You know what's great? Having honest kids. Yep, that's usually pretty high up on the list of character qualities that parents would like to instill in their children. Personally, I'm thinking of ranking it a bit lower on my list and putting good old fashioned values like tact and discretion closer to the top.
Now that we are back home and settling back into a more normal existence I gave myself a nice pep talk after church today and reminded myself of all the reasons that good, healthy, homecooked meals eaten around the dining table will be positively magical for our family. And then, after I burst that delusional bubble, I settled for a less lofty goal of simply a healthy, homecooked meal eaten around the dining table with at least 10 minutes of not-completely forced conversation. It's really best to set the bar low when eating with teenage boys.
Knowing that Timothy had a friend joining us for dinner, I wanted to be sure to prepare what I hoped would be a universally appealing meal. I opted for flank steak, a sassy little potato with sausage side dish, and Caesar salad. When I was asked by some child as he disappeared down the stairs to the basement what we were having for dinner, the menu was greeted with an approving grunt and a jump-slap to the ceiling which I took to mean it got a double-thumbs-up. Score one for Mom.
It wasn't a tricky meal to make, but it did require making a lot of separate pans and dishes dirty, which is not my favorite. I'm the Queen of the One-Pot-Meal, mostly because I like to minimize the clean up. But, in the interests of family unity and happiness, I was willing to create an utter disaster in the kitchen in order to provide a delicious, homecooked feast. I also realized that a side-benefit to eating at the dining table is I don't need to make sure the breakfast counter is clear before serving dinner. Hence, the breakfast counter could remain the dumping ground for all of my dirty dishes while the dining table was pulled together into a vision of loveliness.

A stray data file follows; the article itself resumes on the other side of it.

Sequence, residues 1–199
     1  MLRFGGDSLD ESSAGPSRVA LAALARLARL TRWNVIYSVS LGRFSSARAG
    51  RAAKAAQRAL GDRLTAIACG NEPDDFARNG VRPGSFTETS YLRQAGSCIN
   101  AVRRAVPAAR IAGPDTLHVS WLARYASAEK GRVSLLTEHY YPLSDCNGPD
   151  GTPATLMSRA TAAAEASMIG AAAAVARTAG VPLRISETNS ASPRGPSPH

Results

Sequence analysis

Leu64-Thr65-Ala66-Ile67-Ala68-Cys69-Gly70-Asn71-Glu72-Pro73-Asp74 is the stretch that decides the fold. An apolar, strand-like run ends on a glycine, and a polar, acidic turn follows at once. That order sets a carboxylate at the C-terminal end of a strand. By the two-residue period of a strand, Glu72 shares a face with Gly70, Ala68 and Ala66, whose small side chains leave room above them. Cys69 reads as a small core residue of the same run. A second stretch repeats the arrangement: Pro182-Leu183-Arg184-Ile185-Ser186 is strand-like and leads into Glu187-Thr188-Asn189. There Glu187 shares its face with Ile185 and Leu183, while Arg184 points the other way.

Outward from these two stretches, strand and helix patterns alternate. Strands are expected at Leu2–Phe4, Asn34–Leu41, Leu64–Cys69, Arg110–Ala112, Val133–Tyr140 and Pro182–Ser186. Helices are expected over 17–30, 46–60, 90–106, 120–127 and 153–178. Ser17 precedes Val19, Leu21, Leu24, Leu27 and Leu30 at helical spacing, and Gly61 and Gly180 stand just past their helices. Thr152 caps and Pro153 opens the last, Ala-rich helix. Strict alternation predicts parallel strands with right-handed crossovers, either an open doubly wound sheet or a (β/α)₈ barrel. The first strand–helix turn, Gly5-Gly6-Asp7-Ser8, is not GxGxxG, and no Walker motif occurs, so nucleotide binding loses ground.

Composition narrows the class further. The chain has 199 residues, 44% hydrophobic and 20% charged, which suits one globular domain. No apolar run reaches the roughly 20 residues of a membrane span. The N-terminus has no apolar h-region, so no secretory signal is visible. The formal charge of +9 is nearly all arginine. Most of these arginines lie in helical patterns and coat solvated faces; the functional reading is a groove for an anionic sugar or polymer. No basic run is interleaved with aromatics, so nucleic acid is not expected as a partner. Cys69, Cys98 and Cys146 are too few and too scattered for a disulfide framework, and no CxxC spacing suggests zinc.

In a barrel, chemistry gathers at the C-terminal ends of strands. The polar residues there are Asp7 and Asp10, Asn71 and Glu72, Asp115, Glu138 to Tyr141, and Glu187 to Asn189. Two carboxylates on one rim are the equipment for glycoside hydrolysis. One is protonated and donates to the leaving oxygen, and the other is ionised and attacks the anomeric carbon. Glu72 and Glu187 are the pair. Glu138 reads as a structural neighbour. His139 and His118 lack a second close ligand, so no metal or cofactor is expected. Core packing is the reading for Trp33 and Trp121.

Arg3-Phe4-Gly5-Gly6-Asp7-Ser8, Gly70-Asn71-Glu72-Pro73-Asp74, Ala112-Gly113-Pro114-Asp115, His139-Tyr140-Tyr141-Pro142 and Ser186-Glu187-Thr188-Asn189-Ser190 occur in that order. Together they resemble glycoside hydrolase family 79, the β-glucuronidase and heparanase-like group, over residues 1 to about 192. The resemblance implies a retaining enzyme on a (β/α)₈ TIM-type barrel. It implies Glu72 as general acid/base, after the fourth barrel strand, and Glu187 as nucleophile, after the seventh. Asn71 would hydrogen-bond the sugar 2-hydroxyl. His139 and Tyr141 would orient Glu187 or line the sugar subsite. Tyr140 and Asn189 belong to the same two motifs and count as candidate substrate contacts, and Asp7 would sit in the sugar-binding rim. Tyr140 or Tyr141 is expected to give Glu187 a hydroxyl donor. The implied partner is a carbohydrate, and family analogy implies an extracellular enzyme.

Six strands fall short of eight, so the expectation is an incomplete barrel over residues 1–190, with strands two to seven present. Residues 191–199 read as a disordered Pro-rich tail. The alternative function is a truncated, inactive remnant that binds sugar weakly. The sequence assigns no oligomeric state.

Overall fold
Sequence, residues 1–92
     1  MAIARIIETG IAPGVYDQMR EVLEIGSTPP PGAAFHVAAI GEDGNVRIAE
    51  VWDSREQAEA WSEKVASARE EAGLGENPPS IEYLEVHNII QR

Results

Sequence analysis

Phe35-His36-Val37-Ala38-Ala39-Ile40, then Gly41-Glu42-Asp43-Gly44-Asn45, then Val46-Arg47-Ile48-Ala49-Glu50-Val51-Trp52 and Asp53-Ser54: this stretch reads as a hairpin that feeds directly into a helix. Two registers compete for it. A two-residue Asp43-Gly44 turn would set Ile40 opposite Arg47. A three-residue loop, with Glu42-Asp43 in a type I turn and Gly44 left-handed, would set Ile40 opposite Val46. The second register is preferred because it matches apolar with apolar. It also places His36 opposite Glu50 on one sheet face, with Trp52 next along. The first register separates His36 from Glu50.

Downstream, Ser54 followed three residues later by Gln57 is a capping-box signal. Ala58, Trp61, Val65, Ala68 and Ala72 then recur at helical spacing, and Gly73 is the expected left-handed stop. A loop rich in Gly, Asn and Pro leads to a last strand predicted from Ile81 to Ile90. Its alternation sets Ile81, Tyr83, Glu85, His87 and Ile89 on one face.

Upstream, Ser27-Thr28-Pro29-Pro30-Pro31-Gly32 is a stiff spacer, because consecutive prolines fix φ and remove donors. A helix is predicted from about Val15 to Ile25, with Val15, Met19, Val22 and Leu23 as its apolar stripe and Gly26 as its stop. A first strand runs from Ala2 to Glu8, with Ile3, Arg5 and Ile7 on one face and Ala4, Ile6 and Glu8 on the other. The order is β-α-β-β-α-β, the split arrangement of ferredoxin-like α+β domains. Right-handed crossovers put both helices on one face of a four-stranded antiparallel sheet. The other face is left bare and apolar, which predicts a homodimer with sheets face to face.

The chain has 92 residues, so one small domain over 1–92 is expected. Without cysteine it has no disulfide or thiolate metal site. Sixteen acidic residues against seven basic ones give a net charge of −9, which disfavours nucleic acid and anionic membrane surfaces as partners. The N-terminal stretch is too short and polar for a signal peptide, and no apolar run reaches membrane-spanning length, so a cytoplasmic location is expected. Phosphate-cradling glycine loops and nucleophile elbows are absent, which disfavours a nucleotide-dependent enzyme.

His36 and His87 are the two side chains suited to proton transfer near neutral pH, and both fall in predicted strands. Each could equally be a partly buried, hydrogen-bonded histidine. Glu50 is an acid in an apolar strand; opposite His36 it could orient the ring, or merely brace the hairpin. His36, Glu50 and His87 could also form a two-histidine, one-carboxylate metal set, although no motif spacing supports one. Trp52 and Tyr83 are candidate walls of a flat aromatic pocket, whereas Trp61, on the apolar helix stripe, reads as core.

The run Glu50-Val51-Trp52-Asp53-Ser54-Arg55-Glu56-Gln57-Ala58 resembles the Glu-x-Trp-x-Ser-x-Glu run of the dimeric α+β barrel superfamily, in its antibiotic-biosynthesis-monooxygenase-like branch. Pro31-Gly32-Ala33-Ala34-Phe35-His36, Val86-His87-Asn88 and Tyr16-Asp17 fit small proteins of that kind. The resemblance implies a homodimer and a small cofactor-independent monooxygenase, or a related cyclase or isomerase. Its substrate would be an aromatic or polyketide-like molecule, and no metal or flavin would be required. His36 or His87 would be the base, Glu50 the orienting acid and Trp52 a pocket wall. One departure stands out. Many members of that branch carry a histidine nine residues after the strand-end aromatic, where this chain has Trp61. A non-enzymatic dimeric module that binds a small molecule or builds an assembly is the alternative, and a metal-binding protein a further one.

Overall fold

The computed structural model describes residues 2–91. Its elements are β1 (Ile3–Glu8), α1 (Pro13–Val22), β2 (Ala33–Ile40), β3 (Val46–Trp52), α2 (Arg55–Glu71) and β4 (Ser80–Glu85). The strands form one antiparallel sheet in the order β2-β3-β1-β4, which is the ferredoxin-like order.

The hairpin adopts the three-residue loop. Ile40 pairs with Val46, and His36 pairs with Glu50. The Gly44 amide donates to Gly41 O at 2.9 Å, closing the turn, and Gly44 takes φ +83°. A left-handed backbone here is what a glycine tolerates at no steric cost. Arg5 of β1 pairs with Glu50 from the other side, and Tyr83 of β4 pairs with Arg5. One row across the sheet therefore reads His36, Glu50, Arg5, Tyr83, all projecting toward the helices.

Okay, not so much a vision of loveliness but it was set with placemats, napkins and silverware. AND, I even enlisted help for setting the table (remember that little plan I had about teaching my kids more about responsibility etc...? Yeah...well, one day at a time). Still, I did not completely throw the plan out the window because my Annie quite cheerfully jumped on board to help set the table (phew, at least one child learned something...). And, I made sure to take the time to help her remember which side the napkin goes on and where to properly place the silverware. She was delighted to be helpful (oh, can't they stay 7 forever!) and continued to ask what she could do next to help. If this keeps up, she may be end up being my one, true success story. Score two for Mom.
With the kitchen in a shambles, dinner was finally ready to be served. I decided to really go all the way with this meal and serve it family style at the table. Normally, I would serve up all the plates and set them at each person's place. Generally this is, again, to minimize dirtying 5,000 dishes in the process of serving one meal. But, I wanted to get this new, improved, meal-making-Me off to a good start and eating family style seemed to be the way to go.
The kids all sat down and we said grace. Actually, we sang grace. This was only mildly mortifying for Timothy with his friend present, but to my credit I asked him first if it was okay if we sang grace. I was happy to simply say grace if it would spare him some 14 year old angst. But he's a pretty remarkably comfortable-in-his-own-skin kind of 14 year old, and this is a lifelong friend of his who knows we are a little off-beat, so he gave our usual singing of grace the OK. I was proud of him. But he was about to get me back...
We all started serving ourselves the delectable dinner I had prepared when Tim offers up:
So, this is kind of weird. I mean, we never eat at the table. What are we doing?
Smiling awkwardly, I chide him, Timothy, not 'never'! But it's true we haven't eaten at the dining table as often this summer.
In typical tenacious-Tim fashion, he insists, We don't eat at the table during the school year either. We never do.
I respond, equally insistent (gee, I wonder where he gets it?), Again, not 'never'! Are you trying to say this is the first time in your life you have eaten at this dining table?
At which point, I do get a small laugh from him and he has to concede his point slightly (which, believe me, is not easy for for him to do). Okay, maybe not never. I guess we do sometimes. I'm just saying it's a little weird.
I smile and nod, accepting his peace offering, but counter, Well, get used to it, Buddy.
To which, he simply raised his eyebrows in silent consternation.
Yep, that's right, Buster. There's a new Sheriff in town. Well, wait...actually it's not a new Sheriff. It's the same ol' Sherriff- she's just gotten a whole lot tougher!